Lead-Safe Practices

To learn the basics on why lead dust is a problem, everybody needs to read EPA’s brief pamphlet Renovate Right: Important Lead Hazard Information for Families, Child Care Providers and Schools. The main point is not to breathe or swallow the dust and not to track it home where children under age 6 can breathe or swallow it. Adults can develop permanent flu-like symptoms, including lethargy, from lead dust particles. We all probably got exposed unknowingly in our childhoods to lead (which explains SO MUCH…), but we don’t want to add to it!

The crew that will be working on renovations will be following the safety methods described in Small Entity Guide to Renovate Right – EPA’s Lead-Based Paint Renovation, Repair, and Painting Program. Renovations affecting less than 6 sq. ft. per room of painted surfaces, or less than 20 sq. ft. of exterior painted surfaces, are exempt from the rules in the pamphlet unless it’s window replacement, which is always covered by the lead-paint rules. Essentially, the crew will use acres of plastic sheeting and tape, wet swiffers, wet wipes, and personal protection from breathing and swallowing lead dust. Here’s that link:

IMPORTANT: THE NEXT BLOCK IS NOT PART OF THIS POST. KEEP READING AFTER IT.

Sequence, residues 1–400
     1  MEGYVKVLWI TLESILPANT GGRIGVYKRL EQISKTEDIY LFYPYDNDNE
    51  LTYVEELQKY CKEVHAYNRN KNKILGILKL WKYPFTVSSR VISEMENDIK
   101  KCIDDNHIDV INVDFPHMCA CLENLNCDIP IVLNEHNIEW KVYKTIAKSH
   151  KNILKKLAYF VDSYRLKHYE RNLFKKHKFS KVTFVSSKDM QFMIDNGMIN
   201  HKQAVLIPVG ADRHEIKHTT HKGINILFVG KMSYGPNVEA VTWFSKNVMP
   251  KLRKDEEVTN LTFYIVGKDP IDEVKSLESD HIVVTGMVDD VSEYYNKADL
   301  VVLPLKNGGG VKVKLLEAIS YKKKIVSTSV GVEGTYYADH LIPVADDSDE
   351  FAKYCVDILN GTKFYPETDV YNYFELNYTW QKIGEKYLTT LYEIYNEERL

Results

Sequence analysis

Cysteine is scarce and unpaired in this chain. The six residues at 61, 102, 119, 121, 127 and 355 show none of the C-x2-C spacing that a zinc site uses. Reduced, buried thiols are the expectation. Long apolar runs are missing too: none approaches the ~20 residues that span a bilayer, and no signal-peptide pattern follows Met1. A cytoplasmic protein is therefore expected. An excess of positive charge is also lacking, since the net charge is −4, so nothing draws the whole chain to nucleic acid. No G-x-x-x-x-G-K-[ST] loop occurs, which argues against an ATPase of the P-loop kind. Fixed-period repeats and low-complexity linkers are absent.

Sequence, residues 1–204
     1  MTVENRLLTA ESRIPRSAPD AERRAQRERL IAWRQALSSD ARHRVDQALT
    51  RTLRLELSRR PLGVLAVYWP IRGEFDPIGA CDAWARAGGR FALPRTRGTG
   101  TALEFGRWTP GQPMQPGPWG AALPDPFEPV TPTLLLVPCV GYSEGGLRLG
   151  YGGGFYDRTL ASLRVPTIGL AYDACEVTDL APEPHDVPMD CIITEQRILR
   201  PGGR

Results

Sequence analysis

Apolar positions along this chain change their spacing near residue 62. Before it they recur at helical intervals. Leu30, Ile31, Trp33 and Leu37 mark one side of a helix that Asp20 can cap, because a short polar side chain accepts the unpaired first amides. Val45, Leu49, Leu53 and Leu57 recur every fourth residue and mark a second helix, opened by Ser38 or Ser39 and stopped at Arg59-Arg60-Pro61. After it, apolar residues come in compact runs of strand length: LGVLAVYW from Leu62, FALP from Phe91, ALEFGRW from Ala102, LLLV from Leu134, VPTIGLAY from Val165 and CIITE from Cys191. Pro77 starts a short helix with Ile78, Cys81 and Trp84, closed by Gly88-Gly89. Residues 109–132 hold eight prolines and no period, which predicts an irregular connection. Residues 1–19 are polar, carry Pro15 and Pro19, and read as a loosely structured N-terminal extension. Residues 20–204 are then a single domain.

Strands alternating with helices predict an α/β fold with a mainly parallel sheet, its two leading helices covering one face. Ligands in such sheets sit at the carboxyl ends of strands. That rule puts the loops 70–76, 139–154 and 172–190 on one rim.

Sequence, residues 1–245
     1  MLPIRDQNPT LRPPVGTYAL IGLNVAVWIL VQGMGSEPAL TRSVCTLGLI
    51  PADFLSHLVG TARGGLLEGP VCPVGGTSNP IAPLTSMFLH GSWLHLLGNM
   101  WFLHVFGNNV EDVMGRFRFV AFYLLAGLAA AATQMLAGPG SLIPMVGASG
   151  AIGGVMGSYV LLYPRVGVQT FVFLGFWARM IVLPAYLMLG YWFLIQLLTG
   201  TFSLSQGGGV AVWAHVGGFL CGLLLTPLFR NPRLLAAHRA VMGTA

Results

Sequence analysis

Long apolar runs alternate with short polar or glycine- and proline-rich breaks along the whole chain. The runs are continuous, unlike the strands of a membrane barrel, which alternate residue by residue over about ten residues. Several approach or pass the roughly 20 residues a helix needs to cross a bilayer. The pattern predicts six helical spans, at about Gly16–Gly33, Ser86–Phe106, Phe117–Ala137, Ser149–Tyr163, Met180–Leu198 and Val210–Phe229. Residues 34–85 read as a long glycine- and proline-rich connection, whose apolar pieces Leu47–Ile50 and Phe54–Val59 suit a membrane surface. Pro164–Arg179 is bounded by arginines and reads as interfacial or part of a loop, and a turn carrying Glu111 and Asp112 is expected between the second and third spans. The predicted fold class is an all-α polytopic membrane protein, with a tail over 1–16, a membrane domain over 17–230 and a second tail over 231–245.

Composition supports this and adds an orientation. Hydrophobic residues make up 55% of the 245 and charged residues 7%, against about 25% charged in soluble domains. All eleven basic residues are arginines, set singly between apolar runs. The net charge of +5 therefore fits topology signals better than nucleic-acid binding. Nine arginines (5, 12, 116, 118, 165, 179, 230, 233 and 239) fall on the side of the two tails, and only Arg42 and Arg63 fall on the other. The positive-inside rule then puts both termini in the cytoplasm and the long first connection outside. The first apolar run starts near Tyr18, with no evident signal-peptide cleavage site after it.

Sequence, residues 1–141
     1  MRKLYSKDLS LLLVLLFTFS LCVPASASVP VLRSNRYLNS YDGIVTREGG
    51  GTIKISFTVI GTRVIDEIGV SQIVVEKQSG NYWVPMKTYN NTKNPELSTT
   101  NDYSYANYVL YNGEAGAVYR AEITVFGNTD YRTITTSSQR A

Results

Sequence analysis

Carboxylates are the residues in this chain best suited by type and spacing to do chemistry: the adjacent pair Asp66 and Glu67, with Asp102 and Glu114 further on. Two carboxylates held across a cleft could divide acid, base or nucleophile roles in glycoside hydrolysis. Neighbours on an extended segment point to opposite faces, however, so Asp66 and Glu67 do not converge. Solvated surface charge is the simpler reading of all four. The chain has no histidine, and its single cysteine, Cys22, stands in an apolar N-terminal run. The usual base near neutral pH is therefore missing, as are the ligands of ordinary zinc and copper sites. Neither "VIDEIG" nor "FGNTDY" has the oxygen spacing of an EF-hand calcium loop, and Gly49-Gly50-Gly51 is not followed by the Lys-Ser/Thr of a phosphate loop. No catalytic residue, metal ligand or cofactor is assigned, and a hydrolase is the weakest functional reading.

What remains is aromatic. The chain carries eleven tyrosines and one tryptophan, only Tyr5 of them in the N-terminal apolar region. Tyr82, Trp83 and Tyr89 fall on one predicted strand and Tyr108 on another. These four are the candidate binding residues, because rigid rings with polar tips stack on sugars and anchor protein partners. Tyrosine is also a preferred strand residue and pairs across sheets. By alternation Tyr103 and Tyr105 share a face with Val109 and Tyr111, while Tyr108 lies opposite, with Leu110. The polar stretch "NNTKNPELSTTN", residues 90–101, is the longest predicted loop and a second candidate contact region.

Before renovations begin, we will be requesting the assistance of a lead-paint inspector who has volunteered his services to examine the house with special equipment that detects lead in various surfaces. The inspector will be able to pinpoint the areas, likely windows, that will need special treatment and those areas that are fine.